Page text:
As described above, the slider 20 of the embodiment makes contact with the surface of the recording medium 45 at the border parts 33 of the slider main body 21. Therefore, as compared with conventional sliders, the area in which the slider main body 21 contacts the surface of the recording medium 45 is extremely smaller, yielding an extreme reduction in the frictional resistance between the slider main body 21 and the surface of the recording medium 45. Therefore, according to the slider 20 of the embodiment, the initial contact of the slider main body 21 with the surface of the recording medium 45 and the separation of the slider main body 21 from the surface of the recording medium 45 can be performed smoothly. As a result, the embodiment makes it possible to prevent occurrence of damage to the recording medium 45 and the thin-film magnetic head element 22 due to a collision between the slider 20 and the recording medium 45.

According to the slider 20 of the embodiment, the area in which the slider main body 21 is in contact with the surface of the recording medium 45 when the recording medium 45 is at rest is extremely smaller than in conventional sliders. Therefore, it is possible to prevent the slider 20 and the recording medium 45 from sticking to each other.

According to the slider 20 of the embodiment, as shown in FIG. 22, during the rotation of the recording medium 45, each second part 32 of the air bearing surface 30 slants against the surface of the recording medium 45 so that the air inflow end 41 gets farther from the recording medium 45 than the border parts 33 do. As a result, the thin-film magnetic head element 22 approaches the surface of the recording medium 45. Thus, according to the slider 20 of the embodiment, during the rotation of the recording medium 45, the thin-film magnetic head element 22 can be placed close to the surface of the recording medium 45 while the second parts 32 of the air bearing surface 30 are kept farther from the recording medium 45 than the thin-film magnetic head element 22 is. Therefore, the embodiment makes it possible to further reduce the magnetic space while avoiding the collision between the slider 20 and the recording medium 45.

If the edges of the air outflow end 42 are chamfered, it is possible to prevent a collision between the slider 20 and the recording medium 45 with higher reliability.

As has been described, according to the slider 20 of the embodiment, it is possible to reduce the magnetic space while preventing damage to the recording medium 45 and the thin-film magnetic head element 22 due to a collision between the slider 20 and the recording medium 45, and preventing the slider 20 the recording medium 45 from sticking to each other.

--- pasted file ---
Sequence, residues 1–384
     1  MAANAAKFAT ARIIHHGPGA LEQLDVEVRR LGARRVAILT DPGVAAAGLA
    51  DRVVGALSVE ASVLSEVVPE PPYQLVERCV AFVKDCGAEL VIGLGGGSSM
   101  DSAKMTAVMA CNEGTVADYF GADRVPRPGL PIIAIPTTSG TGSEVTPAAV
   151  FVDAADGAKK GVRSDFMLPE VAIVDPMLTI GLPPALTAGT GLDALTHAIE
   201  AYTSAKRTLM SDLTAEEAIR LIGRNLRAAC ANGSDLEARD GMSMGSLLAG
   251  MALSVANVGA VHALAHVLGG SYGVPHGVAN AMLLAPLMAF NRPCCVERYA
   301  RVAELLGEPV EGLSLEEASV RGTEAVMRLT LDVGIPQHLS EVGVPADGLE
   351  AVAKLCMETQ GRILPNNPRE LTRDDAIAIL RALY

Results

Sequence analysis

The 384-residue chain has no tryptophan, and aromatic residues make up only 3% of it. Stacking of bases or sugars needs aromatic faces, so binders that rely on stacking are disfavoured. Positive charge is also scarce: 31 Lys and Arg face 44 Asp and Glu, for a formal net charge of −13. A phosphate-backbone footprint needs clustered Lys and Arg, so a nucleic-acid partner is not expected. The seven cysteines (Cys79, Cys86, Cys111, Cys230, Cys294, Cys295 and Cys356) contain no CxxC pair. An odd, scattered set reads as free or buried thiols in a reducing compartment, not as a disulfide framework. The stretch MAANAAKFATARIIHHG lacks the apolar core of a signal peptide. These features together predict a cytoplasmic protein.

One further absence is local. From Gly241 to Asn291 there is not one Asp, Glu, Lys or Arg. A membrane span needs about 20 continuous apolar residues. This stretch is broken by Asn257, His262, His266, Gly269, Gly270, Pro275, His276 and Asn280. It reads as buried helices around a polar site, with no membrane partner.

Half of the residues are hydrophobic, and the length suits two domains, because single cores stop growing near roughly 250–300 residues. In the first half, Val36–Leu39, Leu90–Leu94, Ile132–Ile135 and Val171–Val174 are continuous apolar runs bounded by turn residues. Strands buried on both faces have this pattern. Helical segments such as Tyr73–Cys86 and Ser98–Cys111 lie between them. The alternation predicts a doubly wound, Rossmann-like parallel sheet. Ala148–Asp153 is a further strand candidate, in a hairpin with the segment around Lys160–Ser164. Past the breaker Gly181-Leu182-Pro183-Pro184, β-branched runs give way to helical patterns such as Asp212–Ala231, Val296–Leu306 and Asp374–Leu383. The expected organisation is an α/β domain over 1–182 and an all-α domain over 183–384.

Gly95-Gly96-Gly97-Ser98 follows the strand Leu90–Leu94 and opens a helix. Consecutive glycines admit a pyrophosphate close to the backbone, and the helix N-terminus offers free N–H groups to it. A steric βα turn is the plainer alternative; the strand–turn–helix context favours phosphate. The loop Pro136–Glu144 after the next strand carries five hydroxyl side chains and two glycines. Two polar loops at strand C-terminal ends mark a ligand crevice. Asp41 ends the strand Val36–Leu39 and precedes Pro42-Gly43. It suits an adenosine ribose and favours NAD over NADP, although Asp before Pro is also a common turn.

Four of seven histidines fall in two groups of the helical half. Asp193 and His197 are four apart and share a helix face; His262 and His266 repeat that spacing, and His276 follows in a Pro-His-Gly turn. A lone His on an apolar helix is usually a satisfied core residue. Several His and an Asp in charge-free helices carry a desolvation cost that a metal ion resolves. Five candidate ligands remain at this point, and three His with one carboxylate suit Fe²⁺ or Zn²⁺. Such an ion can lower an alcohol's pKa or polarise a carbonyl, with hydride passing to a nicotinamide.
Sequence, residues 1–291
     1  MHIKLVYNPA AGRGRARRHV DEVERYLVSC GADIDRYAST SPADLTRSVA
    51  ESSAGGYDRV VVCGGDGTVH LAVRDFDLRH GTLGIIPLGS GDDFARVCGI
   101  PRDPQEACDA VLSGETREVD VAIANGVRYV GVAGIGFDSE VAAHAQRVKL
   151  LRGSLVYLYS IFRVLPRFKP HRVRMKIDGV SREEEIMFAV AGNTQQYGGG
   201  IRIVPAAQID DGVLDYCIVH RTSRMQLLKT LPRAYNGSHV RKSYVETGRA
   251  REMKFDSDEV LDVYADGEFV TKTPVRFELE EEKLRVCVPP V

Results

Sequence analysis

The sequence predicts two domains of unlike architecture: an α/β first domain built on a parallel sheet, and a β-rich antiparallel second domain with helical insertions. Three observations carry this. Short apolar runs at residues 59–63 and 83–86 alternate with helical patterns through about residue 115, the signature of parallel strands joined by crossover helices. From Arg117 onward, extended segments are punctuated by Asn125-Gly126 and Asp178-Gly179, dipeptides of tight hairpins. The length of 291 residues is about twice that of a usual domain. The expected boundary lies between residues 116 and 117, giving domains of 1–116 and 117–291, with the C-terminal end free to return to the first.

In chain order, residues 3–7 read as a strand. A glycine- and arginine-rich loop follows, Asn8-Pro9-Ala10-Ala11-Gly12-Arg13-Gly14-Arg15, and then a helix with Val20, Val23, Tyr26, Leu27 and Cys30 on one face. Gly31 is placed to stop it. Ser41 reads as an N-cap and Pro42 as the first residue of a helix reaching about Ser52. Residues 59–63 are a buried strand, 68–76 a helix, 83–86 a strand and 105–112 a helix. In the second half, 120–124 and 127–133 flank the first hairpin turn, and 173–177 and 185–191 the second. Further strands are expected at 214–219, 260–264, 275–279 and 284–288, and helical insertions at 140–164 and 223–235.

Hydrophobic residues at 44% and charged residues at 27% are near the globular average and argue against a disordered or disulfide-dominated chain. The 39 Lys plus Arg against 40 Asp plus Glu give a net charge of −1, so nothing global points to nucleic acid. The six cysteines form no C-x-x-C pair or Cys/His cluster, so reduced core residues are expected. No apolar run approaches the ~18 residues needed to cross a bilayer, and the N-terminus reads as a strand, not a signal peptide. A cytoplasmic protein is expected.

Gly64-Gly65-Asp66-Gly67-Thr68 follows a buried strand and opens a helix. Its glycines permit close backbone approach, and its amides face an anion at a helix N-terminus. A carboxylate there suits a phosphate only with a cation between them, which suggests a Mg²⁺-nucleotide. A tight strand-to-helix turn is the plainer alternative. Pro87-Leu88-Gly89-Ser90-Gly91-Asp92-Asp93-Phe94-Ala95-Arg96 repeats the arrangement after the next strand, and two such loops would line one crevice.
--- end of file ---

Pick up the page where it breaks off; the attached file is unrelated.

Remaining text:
Since the present embodiment allows a reduction in magnetic space, it is possible to improve the reproducing output of the reproducing head of the thin-film magnetic head element 22 and to reduce half width of the reproducing head. As a result, it is possible to improve the recording density. FIG. 24 shows an example of the waveform of reproducing output of the thin-film magnetic head element 22 of the slider 20 of the embodiment. In FIG. 24 ‘PW50’ indicates the half width of the reproducing output. The half width PW50 is the time required for the reproducing output to reach 50 percent or greater of the peak value. Since the present embodiment allows a reduction in magnetic space, it is also possible to improve the overwrite property and nonlinear transition shift of the recording head of the thin-film magnetic head element 22.

Therefore, according to the embodiment, the thin-film magnetic head element 22 can be improved in the characteristics of both the reproducing head and the recording head. As a result, it is possible to improve the yield of hard disk drives that implement the slider 20 of the embodiment.

In the embodiment, the air bearing surface 30 of the slider 20 can be formed easier than in the cases where crowns or cambers are formed on the air bearing surfaces of sliders. Besides, there will occur no problem associated with the crown/camber formation. Thus, according to the embodiment, as compared to the cases where crowns or cambers are formed on the air bearing surfaces of sliders, it is possible to determine the shape of the air bearing surface 30 precisely, improve the yield of the slider 20, and reduce the costs for manufacturing the slider 20. From the foregoing, the present embodiment is also excellent in terms of mass productivity.

In the embodiment, the length L1 of a portion of the first part 31 in the direction of air passage, the portion belonging to the substrate portion 23, is preferably equal to or less than 50% the length L0 of the entire substrate portion 23 in the direction of air passage. If this is satisfied, during rotation of the recording medium 45 the length L of the portion that approaches the surface of the recording medium 45 (the portion of the first part 31 belonging to the substrate portion 23) out of the entire substrate portion 23 becomes equal to or less than the length of the portion that gets away from the surface of the recording medium 45 (the second part 32). This makes it possible to prevent a collision between the slider 20 and the recording medium 45 with yet higher reliability.